In Depth: Deadly Hoarding - Hoarding Week
ADDITIONAL CONTRIBUTORS Timothy Dillon

By Timothy Dillon

Photo by Moaksey.

Here’s a simple allegory of childhood innocence for you. Suspend disbelief for a moment and imagine a teddy bear on your bed. Now name your bed buddy and thank him, because he also is holding a bag of Skittles, M&Ms for the chocolate fiends, or maybe a packet of gum. Your bear comes with your favorite particular brand of multi-serving candy pouch. Have fun with this illustration, it’s about to get interesting.

Now, suppose you are a hoarder, one fond of both sugar and stuffed bears.

Whatever ridiculous hoarder hall you dreamed up, it should have 300 million bears in it, all chock full of candy. You might start to think you have a problem. Anyone with a basic knowledge of human health would say that this presents a host of risks, beyond suffocation from all those fluffy bears.

Now, indulge me one last time and consider that each of these teddy bears is, instead, a gun.

The candies (the Skittles, Hershey’s Kisses, or packs of gum) are different magazine sizes and calibers, and for those of you whose imagination is really active, different sized bears represent the different types of weapons. Now you are actually the United States, which has an estimate of 300 million different kinds of guns in circulation. That is nearly a gun for every man, woman, and child with a truly unfathomable number of bullets, enough ammunition to end every man, woman, and child without a doubt.

This exercise is not actually meant as a scare tactic. Sure, guns are frightening, but so is any object that’s sole purpose is to kill a thing. A gun is a weapon and weapons come with an inherent fear. This exercise is to help understand the sheer amount we are dealing with. It’s important to keep that in mind, because the United States, as a society, could easily be diagnosed with hoarding if those guns were still bears.

Departing the pretentious activity of drawing conclusions about an entire country, lets consider some interesting numbers. Since Obama’s initial election to the presidency and subsequent reelection, the number of guns bought and sold has spiked, and everyone is buying ammunition. Jim Pruett, owner of Jim Pruett’s Guns and Ammo stated in an interview with The Houston Chronicle that, “We haven’t been able to keep up with it. It’s beyond our wildest imagination.”

In fact, it has become such a distinguished trend, that law enforcement officials will have difficulty maintaining their stores of ammunition. Smaller agencies and local police forces can’t keep up with the bullets flying off the shelves. Meanwhile, the Department of Homeland Security (DHS) is also in on this bullet hoarding craze, ordering an estimated 1.6 billion rounds of ammunition over the next four to five years.

The speculation surrounding the boom in civilian ammunition hoarding has concluded that it is a direct response to Obama’s presidency, because a pro gun control administration could limit Average Joe’s ability to get ammo. So people come out in droves to make sure they will be prepared when guns and bullets are harder to obtain. What exactly they will be prepared for is sort of a mystery.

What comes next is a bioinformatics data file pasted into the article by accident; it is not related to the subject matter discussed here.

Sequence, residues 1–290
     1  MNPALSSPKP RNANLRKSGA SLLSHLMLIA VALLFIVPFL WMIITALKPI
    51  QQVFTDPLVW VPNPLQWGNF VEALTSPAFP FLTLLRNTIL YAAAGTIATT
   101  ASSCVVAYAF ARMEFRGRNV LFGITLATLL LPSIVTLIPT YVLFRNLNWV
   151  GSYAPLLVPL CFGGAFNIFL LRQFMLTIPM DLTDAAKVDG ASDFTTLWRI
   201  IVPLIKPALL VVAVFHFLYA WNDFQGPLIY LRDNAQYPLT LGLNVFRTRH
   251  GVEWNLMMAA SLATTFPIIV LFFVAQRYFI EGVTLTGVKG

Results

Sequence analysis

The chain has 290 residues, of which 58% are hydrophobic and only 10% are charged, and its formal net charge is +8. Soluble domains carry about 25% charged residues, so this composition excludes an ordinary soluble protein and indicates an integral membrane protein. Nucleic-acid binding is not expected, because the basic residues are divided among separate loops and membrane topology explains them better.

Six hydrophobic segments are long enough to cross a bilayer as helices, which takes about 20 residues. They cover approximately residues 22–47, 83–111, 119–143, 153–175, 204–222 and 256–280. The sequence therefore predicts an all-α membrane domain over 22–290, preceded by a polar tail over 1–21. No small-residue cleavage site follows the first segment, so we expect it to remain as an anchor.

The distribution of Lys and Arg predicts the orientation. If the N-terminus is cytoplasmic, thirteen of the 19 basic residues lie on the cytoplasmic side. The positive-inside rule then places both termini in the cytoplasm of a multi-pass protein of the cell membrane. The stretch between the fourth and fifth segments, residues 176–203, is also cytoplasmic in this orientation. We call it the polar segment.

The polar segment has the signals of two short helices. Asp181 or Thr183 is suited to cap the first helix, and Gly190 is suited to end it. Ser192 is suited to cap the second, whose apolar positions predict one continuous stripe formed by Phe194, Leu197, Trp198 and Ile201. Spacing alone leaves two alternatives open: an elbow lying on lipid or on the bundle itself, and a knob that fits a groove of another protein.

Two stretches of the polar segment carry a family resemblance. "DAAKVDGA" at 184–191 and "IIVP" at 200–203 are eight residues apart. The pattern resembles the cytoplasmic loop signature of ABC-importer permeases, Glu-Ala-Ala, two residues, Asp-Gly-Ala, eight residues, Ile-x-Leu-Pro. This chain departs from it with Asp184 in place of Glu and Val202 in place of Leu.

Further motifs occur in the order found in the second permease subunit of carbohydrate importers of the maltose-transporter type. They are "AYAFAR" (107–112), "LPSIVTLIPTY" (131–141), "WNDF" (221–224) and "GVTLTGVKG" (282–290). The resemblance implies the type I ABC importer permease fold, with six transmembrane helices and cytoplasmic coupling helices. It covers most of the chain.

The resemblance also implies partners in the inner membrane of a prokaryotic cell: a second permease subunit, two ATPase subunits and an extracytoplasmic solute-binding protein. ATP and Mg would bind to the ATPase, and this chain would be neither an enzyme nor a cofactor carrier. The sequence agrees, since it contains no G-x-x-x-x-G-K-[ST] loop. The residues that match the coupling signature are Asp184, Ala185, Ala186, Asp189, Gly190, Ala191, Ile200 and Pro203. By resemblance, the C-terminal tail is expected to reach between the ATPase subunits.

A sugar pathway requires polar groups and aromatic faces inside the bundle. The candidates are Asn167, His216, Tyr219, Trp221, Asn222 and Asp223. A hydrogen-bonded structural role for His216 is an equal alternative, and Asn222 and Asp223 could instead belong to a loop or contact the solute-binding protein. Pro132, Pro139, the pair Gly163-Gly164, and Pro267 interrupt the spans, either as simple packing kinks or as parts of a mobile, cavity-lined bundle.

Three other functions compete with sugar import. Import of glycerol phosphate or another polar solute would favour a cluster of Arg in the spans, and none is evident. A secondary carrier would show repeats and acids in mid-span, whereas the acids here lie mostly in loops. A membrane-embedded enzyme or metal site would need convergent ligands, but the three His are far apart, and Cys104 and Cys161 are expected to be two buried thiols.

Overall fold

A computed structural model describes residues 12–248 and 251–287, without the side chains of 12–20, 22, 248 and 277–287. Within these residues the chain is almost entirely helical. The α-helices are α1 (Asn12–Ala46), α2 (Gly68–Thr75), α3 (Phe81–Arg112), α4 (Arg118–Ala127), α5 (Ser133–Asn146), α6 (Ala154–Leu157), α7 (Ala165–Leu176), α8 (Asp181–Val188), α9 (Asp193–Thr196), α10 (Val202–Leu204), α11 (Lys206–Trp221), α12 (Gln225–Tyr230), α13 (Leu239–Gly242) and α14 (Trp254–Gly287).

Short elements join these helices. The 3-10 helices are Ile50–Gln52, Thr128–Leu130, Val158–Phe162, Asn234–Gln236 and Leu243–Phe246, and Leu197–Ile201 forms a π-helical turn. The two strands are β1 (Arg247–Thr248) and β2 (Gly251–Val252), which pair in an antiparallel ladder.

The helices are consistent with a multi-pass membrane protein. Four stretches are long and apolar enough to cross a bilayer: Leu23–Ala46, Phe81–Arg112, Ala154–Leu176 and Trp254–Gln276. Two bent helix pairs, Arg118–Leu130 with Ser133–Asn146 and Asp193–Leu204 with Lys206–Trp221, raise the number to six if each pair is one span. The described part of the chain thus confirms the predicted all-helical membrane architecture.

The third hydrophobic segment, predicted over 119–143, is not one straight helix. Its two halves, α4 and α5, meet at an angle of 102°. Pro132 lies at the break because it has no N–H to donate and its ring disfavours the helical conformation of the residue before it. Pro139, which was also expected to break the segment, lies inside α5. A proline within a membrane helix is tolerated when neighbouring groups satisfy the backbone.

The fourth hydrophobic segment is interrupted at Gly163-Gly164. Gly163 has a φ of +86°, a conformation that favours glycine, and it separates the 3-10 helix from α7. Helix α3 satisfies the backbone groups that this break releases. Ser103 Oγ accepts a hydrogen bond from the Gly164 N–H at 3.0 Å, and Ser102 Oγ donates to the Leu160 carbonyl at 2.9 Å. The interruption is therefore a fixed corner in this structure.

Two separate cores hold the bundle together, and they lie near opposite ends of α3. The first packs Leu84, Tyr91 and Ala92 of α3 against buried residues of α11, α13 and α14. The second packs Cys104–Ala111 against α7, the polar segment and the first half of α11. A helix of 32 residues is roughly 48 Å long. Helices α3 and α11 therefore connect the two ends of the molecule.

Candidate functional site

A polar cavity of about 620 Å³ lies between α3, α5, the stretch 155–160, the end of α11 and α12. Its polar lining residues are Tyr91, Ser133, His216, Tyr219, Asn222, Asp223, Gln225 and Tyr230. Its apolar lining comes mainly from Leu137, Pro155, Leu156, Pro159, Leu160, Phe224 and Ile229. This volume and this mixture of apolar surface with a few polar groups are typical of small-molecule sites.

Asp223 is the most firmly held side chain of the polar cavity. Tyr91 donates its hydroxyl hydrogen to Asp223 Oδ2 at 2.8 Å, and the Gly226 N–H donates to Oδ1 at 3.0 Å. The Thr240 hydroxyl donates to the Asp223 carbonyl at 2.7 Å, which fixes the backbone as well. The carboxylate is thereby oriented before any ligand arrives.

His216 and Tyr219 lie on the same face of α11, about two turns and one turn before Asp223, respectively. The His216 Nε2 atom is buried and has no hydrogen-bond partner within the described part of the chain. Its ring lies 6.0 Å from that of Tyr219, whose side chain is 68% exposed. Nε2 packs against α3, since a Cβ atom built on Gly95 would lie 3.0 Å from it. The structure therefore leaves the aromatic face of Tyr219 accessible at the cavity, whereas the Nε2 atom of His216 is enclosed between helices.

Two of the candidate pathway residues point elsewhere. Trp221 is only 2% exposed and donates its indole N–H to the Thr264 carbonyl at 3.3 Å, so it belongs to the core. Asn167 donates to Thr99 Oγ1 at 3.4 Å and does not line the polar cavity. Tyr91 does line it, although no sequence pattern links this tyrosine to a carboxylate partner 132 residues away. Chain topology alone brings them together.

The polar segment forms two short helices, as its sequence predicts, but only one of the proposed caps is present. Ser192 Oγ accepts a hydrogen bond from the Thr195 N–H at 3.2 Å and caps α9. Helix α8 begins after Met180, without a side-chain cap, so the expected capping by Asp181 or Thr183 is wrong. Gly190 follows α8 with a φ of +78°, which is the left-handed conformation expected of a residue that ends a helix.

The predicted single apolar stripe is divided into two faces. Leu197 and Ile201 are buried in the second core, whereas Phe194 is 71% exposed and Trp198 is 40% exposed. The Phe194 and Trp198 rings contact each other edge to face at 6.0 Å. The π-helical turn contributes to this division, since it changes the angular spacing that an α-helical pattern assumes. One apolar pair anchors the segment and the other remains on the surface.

On the flip side are the theorists who like to point out that the DHS has enough ammo to wage a war with the American people. This seems like a blatant attempt at sensationalized propaganda against the federal government. However, the fear was perpetuated by the DHS through their silence. Apparently talking to Congress about the nature of the purchases, as well as the reasons was not a top priority for the department. What this all amounts to is a domestic arms race, where people are afraid of government limiting fire power to themselves, and a government who can’t arm a branch of national security without scrutiny.

Now, hoarding bullets and ammunition does not fit the classic definitions of the psychological condition known as compulsive hoarding. We can examine hoarders and point out their similarities to obsessive compulsion or major depression disorders, but it seems that when we try to scrutinize how people treat guns and ammunition, the entitlement surrounding these weapons defuses the inquiry. Yet we are reading headlines saying that our government and our gun-toting neighbors are hoarding bullets. Why can we not question the sanity of this behavior?

At the end of the day, more and more people are purchasing guns. A run down of the numbers shows us that we live in a country so saturated with guns that it would be fair to call the US the world leader in gun hoarding. Nearly half, 47 percent, of the country owns at least one gun. It used to be that 60 percent of Americans wanted to ban handguns, now it’s a mere 26 percent. We are number one in private gun ownership in the world, and to go with all those guns, are all the bullets.

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